At the same time, you notice these issues but haven’t associated them with PTSD. Seeing that there is a connection between their Post Traumatic Stress Disorder episode and the days that follow. Becoming aware of all aspects of a PTSD episode will help you better support your loved one. Provided that you are aware of their needs, you will not take offense to their behavior.
Please keep in mind that your loved one did not choose to behave so erratic. Nor did they choose to have residual symptoms days after their PTSD attack. In general it can be easy to forget our partner suffers from PTSD if they haven’t had an episode. For some, their symptoms may have been in remission for months or even years. Nevertheless, there is no cure for PTSD and it can occur if triggered.
Post Traumatic Stress Disorder Disorientation
Another problem that presents after a Post Traumatic Stress Disorder episode is disorientation. Disorientation is best described as being in a mental state where one loses their sense of awareness. They are confused and have little bearing on what day it is or where they are. Their memory of anything that took place during a Post Traumatic Stress Disorder episode is nonexistent. In fact, PTSD causes various issues with their memory as it is. Since the brain is affected by PTSD in such a way that it causes these memory problems, it makes life a bit harder.
Many who suffer from a PTSD episode
Will be confused and disoriented for two to three days after a PTSD attack. Essentially, they will experience intervals of awareness. All together there will be moments in time where they will not have a conscious idea of what is going on around them. Occasionally they won’t realize where they are physically. At the same time, they won’t remember the date or time.
Additionally they will not recall engagement of any activities. For example, my husband and I recently drove to a nearby city for his therapy appointment. The drive is approximately one and a half hours long. When we arrived at his therapist’s office he couldn’t remember how we got there or anything about the drive up. And he was clueless as to where we even were.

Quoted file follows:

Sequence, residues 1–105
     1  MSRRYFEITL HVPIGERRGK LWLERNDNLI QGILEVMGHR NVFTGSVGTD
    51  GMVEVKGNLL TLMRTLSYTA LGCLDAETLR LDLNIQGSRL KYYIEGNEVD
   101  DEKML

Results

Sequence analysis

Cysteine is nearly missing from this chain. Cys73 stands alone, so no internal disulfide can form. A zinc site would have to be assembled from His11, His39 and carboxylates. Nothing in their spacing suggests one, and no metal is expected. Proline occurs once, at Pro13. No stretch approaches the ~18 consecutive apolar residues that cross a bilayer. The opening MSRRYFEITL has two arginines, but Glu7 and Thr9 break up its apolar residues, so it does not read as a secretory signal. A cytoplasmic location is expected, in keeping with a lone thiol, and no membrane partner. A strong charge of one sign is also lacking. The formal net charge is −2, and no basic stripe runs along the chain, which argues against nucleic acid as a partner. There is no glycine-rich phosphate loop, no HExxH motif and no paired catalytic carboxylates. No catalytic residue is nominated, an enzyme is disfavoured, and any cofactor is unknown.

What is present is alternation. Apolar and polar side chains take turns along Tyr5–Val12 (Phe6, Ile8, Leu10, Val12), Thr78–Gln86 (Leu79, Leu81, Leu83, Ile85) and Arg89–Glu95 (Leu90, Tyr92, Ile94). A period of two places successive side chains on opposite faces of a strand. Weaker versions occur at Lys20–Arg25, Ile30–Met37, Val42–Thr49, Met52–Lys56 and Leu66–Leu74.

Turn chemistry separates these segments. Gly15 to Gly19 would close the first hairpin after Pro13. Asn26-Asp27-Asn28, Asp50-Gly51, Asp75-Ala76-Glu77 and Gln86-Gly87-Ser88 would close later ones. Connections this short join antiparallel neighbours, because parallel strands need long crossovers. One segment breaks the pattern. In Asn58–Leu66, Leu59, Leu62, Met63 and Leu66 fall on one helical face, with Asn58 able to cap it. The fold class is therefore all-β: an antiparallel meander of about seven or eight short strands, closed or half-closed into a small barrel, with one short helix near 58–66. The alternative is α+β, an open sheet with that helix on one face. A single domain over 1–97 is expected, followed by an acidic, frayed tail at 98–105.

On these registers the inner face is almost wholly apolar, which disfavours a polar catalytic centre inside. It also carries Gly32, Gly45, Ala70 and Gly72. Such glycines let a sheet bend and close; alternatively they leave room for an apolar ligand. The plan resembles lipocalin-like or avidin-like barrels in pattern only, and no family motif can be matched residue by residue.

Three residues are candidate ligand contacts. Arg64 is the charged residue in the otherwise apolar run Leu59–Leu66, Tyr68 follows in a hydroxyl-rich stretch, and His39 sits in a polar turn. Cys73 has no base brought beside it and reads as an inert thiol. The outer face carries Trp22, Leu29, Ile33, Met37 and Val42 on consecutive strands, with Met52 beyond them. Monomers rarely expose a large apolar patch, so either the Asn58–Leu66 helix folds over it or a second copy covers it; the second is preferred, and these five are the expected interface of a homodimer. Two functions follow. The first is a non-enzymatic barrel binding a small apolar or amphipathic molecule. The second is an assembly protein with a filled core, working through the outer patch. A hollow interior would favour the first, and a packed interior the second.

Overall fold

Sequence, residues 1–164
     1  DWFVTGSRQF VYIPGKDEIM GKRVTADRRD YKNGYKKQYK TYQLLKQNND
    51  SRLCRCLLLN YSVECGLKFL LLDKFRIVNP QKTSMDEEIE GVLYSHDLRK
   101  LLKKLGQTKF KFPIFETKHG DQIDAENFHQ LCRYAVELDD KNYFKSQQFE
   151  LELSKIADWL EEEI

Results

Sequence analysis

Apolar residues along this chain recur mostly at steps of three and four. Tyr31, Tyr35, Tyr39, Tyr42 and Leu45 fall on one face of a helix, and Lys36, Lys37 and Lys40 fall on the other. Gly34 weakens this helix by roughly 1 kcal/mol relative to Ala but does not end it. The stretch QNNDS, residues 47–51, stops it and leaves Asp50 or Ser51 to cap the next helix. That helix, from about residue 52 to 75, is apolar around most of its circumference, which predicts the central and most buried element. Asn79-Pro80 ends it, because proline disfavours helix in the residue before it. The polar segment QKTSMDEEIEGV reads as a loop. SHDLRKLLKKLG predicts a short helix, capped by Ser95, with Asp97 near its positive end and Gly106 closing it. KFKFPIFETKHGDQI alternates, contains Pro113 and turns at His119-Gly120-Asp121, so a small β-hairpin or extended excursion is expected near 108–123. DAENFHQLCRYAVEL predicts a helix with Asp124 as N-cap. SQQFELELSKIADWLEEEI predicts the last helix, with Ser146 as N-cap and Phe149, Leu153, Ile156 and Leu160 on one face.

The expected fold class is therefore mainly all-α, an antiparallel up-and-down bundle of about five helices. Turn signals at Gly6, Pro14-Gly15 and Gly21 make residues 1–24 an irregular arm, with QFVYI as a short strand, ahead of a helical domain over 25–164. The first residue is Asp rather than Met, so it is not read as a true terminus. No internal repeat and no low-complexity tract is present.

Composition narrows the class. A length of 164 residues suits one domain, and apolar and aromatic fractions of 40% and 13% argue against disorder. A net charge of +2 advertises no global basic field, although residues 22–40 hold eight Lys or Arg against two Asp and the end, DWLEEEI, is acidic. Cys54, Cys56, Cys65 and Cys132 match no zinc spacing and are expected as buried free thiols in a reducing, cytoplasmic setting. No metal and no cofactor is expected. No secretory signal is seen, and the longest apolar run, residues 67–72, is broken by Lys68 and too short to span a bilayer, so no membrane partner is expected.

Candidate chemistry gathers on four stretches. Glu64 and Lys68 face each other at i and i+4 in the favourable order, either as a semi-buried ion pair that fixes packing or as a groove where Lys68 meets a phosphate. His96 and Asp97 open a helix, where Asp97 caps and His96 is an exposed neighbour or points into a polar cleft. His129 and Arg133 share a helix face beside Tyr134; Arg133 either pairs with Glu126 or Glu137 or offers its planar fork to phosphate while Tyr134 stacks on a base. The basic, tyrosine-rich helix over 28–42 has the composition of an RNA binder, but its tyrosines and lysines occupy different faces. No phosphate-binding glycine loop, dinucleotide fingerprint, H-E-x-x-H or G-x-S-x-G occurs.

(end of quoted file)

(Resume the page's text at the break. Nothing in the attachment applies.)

Post Traumatic Stress Disorder Residual Symptoms
These secondary issues are both challenging and scary. When someone hears of PTSD they may think someone suffers a short flashback or an elongated panic attack. However, the truth is that there’s so much more to Post Traumatic Stress Disorder. Episodes are never short, and the effect of an episode has on a person lasts for days afterward. With this in mind, residual symptoms are the after-math manifestations following the full throttle episode. Due to the effects of PTSD episodes, physical, neurological, and emotional duress takes place.
If you know someone suffering from the symptoms of PTSD it is a good thing to remember this key information. You will set yourself up to better understand what is going on during the recovery days. Especially relevant is that you will be able to support your partner in a stronger way. Be prepared to help them relax and ease back into the normalcy of your every-day functioning life. In doing so, you will help them reduce their residual symptoms duration.
In fact, Your partner will recover faster because they feel supported, loved, and comforted by you. Notably so, the way you react has a deep impact on their well-being. Equally, this applies to positive and negative behavior. This article can also be seen on PsychCentral.com They published this post on their site.